The brainchild of two American consultants, a ROWE is a workplace in which employees don't have schedules. They don't have to be in the office at a certain time or any time. They just have to get their work done.  For example, while many enterprises are off-shoring work to low-cost providers overseas, some companies are reversing the trend by beginning what's known as "home-shoring" [2].  "Instead of requiring customer service reps to report to a single large call center, they're routing the calls to the employees' homes. This cuts commuting time for staff, removes them from physical monitoring, and provides far great autonomy over how they do their jobs" [2].  Interestingly, "Productivity and job satisfaction are generally higher in home-shoring than in conventional arrangements--in part because employees are more comfortable and less monitored at home" [2].

In the Schools

Pink suggests that too often, "We're bribing students into compliance instead of challenging them into engagement" [2].  Simply put, control leads to compliance, whereas, autonomy leads to engagement. In order to foster intrinsic motivation in our students, Pink recommends that we as teachers should allow our students to have autonomy over the four T's: tasktimetechnique, and team [2].

Pink recommends that teachers should ask themselves these three questions when giving assignments [2]:
  • Am I offering my students any autonomy over how and when they do this work, and who they work with?
  • Does this assignment promote mastery by offering a novel, engaging task (as opposed to rote reformulation of something already covered in class)?
  • Do my students understand the purpose of this assignment? That is, can they see how doing this activity contributes to the larger enterprise in which the class is engaged?

The Connection

By definition, "Work consists of whatever a body is obliged to do, and that play consist of whatever a body is NOT obliged to do" [2].  When autonomy is provided to both employees and students, it makes the work seem more like play, which leads to greater intrinsic motivation and higher productivity.

Furthermore, we need to be challenging our students to engage in more nonroutine work--creative, conceptual, right-brain work that can't be reduced to a set of rules [2].  This is because routine work--work that can be reduced to a script, a spec sheet, a formula, or a set of instructions--has become easier (and often cheaper) to send offshore, or to automate via computers [2].   As a result, such algorithmic, rule-based, left-brain work has become less valuable and less important in advanced economies, such as the United States [2].


To accommodate to the demand of our global economy, we as teachers need to be providing our students with more opportunities for nonroutine work, where students have voice and choice over their task, time, technique, and team.  For example, my middle school has created a "fun learning experience" (FLEX) block where students are allowed to work on self-directed projects for one hour each day.  This FLEX-ible block is very similar to Google's "20 Percent Time", only our students are working an hour every day, as opposed to working one full day out of the week.  Some of our students' projects have included creating a weekly school e-Newsletter; producing Public Service Announcements on important topics regarding health and safety; and entering in several national competitions including Google Doodle, C-SPAN StudentCam 2013, National History Day, Verizon App Challenge, Science Fairs, and more.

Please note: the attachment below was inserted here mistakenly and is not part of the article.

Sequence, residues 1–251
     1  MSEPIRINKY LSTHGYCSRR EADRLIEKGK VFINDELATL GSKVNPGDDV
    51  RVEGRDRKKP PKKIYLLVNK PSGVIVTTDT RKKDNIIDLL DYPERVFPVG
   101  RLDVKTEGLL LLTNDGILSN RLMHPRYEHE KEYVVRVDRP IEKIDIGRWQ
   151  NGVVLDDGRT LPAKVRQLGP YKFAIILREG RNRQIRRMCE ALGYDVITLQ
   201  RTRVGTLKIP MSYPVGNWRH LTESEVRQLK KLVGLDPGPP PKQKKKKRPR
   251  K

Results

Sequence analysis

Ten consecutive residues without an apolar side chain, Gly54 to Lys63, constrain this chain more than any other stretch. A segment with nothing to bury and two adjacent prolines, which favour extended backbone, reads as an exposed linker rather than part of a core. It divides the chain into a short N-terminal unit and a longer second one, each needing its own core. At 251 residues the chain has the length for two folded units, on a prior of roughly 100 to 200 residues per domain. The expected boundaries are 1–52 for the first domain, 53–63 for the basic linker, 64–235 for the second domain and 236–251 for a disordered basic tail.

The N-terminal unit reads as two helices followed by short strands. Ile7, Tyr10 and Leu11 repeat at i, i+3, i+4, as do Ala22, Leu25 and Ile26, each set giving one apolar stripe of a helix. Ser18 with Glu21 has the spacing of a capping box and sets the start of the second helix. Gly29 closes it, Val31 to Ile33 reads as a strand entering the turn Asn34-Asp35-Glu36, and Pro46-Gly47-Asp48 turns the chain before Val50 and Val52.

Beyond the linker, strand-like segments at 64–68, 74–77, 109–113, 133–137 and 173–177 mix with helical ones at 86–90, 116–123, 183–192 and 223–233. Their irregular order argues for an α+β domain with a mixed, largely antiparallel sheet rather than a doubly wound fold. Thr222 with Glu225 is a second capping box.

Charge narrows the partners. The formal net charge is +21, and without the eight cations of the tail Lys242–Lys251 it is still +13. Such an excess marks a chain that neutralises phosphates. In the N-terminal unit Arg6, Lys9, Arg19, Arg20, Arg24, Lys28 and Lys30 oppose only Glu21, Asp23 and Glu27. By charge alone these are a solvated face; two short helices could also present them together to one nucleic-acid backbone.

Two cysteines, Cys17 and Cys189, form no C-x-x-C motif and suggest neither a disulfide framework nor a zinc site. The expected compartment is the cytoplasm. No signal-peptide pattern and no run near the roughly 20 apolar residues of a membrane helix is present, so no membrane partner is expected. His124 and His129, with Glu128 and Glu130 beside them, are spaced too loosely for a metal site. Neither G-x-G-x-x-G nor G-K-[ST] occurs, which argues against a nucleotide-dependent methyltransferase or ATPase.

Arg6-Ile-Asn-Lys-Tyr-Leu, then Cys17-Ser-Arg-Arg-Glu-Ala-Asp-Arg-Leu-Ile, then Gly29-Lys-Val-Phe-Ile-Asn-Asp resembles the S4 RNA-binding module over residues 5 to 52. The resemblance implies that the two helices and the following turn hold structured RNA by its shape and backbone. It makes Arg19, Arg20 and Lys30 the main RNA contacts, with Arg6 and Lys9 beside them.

During our FLEX block, I have observed my students displaying more intrinsic motivation to succeed at these projects in addition to demonstrating a higher level of creativity.  I attribute these findings due to the fact that our students do not receive a "grade" for their self-directed projects.  I believe that removing grades, coupled with having full autonomy over their projects, subconsciously tells them that their activities are more like "play" as opposed to "work".  I have even noticed my students achieving a state of "flow" when they are living so deeply in the moment and feeling so utterly in control, that their sense of time, place, and even self have melted away [2]. 

Final Thought

Ten years of employment data has discovered that the largest gains have been in jobs that require “people skills and emotional intelligence, imagination, and creativity" [1].  Furthermore, it has been determined that in the future, "There will be plenty of work not just for inventors, artists, and entrepreneurs but also for an array of imaginative, emotionally intelligent, right-brain professionals, from counselors to massage therapists to schoolteachers to stylists to talented salespeople" [1].

In closing, let's model our classrooms to reflect these innovative work environments that are yielding both personal satisfaction and high performance.  Let's empower our students to have more autonomy in their learning and encourage more right-brain, nonroutine work to best meet their needs and ultimately prepare them for the 21st century workplace!

  1. Pink, D. (2005). A whole new mind: Moving from the information age to the conceptual age. New York, NY: Riverhead Books. 
  2. Pink, D. H. (2010). Drive: the surprising truth about what motivates us. Edinburgh: Canongate.

Sunday, February 3, 2013

My Relationship Status with Data is "It's Complicated"

My relationship with Data goes way back.  We have had some good times, and some bad times, but it is officially time to set aside our differences and begin to work things out.  Let me explain.